A genuinely outcomes-based accreditation system based on the demonstrated individual student attainment of appropriate graduate attributes (which might be delivered/gained by a range of means, including distance education) offers the best way forward for an equitable, representative and socially just undergraduate engineering education system that encourages suitably qualified candidates from a range of social, employment, educational, gender, age and geographic circumstances to aspire to and attain membership of the professional sphere of the engineering workforce.  The spirit of this approach that aims for demonstrated equivalence of outcomes (rather than process) via a range of means can be found in the ABET engineering accrediting criteria:

"These criteria support the premise that student outcomes, regardless of the method of educational delivery, should be consistent with the stated objectives of the program… While distance education programs and traditional classroom programs may employ different instructional methods, it is essential that graduates of both programs can demonstrate the same capabilities." (Industry Advisory Council of the Accreditation Board for Engineering and Technology Inc, 2000, p. 9)

Until outcomes-based education becomes the norm in engineering, it is likely that many capable 'second chance' aspirants will find the lifelong learning path to membership of the profession remains beyond their attainment.


The comparative literature relating to on- and off-campus education reveals no significant difference in measurable learning outcomes.  The Engineers Australia accreditation manual describes a policy based on demonstrated outcomes, but includes a requirement that all undergraduates must attend on-campus for two weeks for each full-time year of their program.  An outcomes-based approach to assessment is based on the premise that the outcomes are tangible, justifiable, measurable and open to delivery by a range of means.  If an outcome is not measurable, it is not an outcome, it is a prescription.  The prescription that off-campus student must attend on-campus for minimum periods to get an 'on-campus experience', and that this experience cannot be developed by other means, suggests a lack of appreciation that many 'full-time on-campus' students spend little time on-campus between (or in some cases during) classes.  The evidence found in the Engineers Australia accreditation documentation suggests that they cling to the outdated concept of 'attendance' as a proxy measure for achievement of learning outcomes.  Of course, it is incumbent upon any institution to be able to demonstrate that their program, regardless of mode of study, is effective in developing the required student outcomes.  This sets a challenging research agenda for those with a stake in off-campus engineering education.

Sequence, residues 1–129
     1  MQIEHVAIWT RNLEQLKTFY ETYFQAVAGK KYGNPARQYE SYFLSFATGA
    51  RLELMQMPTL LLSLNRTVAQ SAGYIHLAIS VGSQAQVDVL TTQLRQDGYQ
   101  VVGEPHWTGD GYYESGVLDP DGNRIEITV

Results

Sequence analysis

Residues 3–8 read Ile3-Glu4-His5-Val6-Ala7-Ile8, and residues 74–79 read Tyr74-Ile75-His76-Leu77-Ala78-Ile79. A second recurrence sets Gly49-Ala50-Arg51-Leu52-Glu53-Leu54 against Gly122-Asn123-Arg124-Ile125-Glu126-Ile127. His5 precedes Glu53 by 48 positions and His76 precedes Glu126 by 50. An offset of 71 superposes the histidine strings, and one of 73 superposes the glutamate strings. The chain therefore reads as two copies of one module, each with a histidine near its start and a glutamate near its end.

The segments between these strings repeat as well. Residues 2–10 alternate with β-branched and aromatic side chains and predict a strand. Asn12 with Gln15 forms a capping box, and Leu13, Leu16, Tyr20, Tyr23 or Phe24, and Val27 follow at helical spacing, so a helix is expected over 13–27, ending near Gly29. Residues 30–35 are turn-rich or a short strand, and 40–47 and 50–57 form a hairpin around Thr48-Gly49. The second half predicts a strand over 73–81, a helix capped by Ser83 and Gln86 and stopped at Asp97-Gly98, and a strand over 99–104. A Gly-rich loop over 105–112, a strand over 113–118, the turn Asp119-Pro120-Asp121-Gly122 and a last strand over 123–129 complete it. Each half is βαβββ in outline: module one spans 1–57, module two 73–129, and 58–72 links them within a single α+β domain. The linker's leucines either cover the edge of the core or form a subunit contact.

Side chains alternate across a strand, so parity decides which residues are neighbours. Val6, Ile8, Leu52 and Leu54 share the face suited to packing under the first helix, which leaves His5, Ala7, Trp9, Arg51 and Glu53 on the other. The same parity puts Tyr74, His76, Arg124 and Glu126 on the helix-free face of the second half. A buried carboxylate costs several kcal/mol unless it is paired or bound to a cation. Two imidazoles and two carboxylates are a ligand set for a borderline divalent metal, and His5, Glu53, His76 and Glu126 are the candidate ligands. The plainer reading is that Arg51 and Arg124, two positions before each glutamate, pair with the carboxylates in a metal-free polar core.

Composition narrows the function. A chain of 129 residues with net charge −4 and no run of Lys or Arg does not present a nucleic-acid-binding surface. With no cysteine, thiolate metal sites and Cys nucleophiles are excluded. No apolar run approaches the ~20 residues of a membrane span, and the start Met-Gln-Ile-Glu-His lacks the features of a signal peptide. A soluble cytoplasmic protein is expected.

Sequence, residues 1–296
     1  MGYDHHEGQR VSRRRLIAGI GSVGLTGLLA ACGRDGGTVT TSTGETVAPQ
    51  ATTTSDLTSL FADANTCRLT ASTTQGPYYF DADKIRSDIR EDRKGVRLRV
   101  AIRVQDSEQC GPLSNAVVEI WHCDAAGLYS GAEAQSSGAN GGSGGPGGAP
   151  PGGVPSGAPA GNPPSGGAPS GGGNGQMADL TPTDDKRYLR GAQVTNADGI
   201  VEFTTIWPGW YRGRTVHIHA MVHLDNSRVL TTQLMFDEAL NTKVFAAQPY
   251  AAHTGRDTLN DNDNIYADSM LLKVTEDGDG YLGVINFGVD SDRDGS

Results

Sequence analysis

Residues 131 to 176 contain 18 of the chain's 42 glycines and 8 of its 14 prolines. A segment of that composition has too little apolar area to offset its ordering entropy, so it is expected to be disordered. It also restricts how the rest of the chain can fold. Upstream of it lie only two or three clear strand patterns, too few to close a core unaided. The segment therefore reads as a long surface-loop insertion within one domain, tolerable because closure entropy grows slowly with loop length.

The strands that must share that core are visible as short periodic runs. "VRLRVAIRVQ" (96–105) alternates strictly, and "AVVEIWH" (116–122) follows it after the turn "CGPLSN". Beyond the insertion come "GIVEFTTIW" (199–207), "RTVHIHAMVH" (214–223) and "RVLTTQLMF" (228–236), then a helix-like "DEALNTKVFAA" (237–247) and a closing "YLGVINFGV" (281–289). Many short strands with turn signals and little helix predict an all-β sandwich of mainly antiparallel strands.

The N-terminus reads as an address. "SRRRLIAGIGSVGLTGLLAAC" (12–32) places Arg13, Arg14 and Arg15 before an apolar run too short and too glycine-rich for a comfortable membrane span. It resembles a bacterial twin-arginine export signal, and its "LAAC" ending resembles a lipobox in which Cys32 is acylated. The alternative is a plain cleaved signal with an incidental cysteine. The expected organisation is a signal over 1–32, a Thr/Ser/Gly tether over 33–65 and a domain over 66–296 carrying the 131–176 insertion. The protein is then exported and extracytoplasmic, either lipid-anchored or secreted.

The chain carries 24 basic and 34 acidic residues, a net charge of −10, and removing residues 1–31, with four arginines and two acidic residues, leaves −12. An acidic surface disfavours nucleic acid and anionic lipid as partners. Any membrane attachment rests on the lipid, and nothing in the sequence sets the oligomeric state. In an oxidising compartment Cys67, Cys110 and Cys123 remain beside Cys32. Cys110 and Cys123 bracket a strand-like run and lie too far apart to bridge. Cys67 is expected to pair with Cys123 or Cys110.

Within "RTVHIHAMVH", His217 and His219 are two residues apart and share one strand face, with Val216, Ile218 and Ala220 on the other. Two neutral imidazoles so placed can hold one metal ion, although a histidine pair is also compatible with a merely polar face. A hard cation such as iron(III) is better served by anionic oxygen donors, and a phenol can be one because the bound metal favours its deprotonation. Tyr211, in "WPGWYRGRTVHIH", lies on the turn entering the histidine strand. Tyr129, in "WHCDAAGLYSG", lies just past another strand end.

Distance education is not an inferior, second best option for those students, including rural and remote students and mature age students, who cannot study full-time on-campus.  In engineering, off-campus study is an essential element of access to education for those in remote locations and/or seeking to upgrade their qualifications whilst employed.  Moving forward with distance delivery of engineering education will continue to be an international challenge while program accrediting bodies do not permit wholly off-campus engineering programs, or make minimum mandatory residential attendance for off-campus students compulsory for program accreditation.


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The research presented here represents part of the work conducted for the Deakin University Higher Education Equity Program project entitled 'Impact of Mandatory on-campus Residential Sessions on Rural and isolated Students Studying Engineering and Technology Courses in off-Campus Mode'.  The authors would like to acknowledge the funding for that project provided by the Deakin University Equity and Equal Opportunity Unit.



e-learning, distance learning, distance education, online learning, higher education, DE, blended learning, MOOCs, ICT, information and communication technology, collaborative learning, internet, interaction, learning management system, LMS,